Let me share an image of myself as an immature child at Christmas with an undervalued gift.
Taking both the gift and the love of the giver for granted
It may not be surprising, but as a young boy the birthday or Christmas gift that I definitely did not appreciate was clothing. I wanted toys! I took clothing for granted.They were gifts that I did not appreciate because they were not what I wanted.
More significantly, I often missed the more important gift… the love that was being shown through the gift. My parents were only later able to afford a better life. At an earlier stage of their life journey, they sacrificed much to give my sister and I the gifts we needed … and wanted.
In short, sometimes I neither appreciated the gift nor the love that the gift symbolized.
I thought of this as we celebrated “Earth Day.”
Awareness of the gift we take for granted
I am finally becoming aware of the gift I have taken for granted all my life. The home we call Planet Earth. I suspect I am not alone in this
I never paid attention to the Arctic. I knew there was a lot of ice. I never thought of the possibility that ice would melt at the ever-increasing rate that is now being documented..
Far less did I think of the implications of rising sea levels on low-lying coastal areas. We are just beginning to experience the impact of rising sea levels in our recreational playgrounds such as Florida. A day is coming when the Everglades will be beneath the sea.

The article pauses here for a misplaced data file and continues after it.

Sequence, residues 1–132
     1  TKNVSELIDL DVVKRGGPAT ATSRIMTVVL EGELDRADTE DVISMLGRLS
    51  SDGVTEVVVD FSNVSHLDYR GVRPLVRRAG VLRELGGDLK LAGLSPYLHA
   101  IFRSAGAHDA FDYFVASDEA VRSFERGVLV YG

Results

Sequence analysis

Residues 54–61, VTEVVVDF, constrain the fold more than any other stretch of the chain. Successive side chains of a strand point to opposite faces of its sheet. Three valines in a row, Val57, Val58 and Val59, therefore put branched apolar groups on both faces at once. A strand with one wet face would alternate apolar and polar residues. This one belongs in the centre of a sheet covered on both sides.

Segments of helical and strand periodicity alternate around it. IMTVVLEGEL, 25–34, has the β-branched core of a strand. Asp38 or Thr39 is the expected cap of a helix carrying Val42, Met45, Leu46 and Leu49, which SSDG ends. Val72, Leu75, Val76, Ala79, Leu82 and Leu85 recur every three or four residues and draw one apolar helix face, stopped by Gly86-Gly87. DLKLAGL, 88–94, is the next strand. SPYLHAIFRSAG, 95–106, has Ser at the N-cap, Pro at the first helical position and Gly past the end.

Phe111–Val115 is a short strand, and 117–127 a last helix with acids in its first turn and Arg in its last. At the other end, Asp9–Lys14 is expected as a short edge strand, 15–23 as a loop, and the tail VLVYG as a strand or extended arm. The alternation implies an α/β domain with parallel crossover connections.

The day is already here where whole islands in the Pacific are already underwater and the indigenous people who inhabited them have had to abandon their homes and way of life.
We have taken for granted life as we know it will always continue.
Going beyond a secular celebration of Earth Day
Pope Francis has written some things that stopped me in my tracks and made me think more deeply.
- Significantly, our common home is also God’s own house, permeated by the Spirit of God from the dawn of creation, where the Son of God pitched his tent in the supreme event of the incarnation.
- It is in this common home that God co-dwells with humanity and of which we have been entrusted with stewardship, as we read in the book of Genesis [2:15].
- The contemporary ecological crisis, in fact, lays bare precisely our incapacity to perceive the physical world as impregnated with divine presence.
- We have swapped the lofty vision of the physical world as God’s own abode, sanctified by the incarnation of the Son of God, with the one-dimensional mechanistic outlook of modernity.
- Accordingly, the physical world gets reduced to a mere storehouse of resources for human consumption, just real estate for market speculation. . . . Through pollution of the planet’s land, air, and waters, we have degraded our common home that is also God’s own home.
- We have turned this sacred abode into a marketplace.
The last sentence invites reflection on Jesus’ reaction to the money changers in the temple.
I now ask myself is my concept of “My Father’s house” too small?
We live in God’s house as God’s children. But as children we haven’t matured yet. We neither appreciate the gift itself, nor the love of the giver.
About “My Father’s House”…
- Is my concept of “my father’s house” too small?
- Do I see our global home as God’s gift?
- And then the “Vincentian Question” …What must be done ?
Originally posted on Vincentian Mindwalk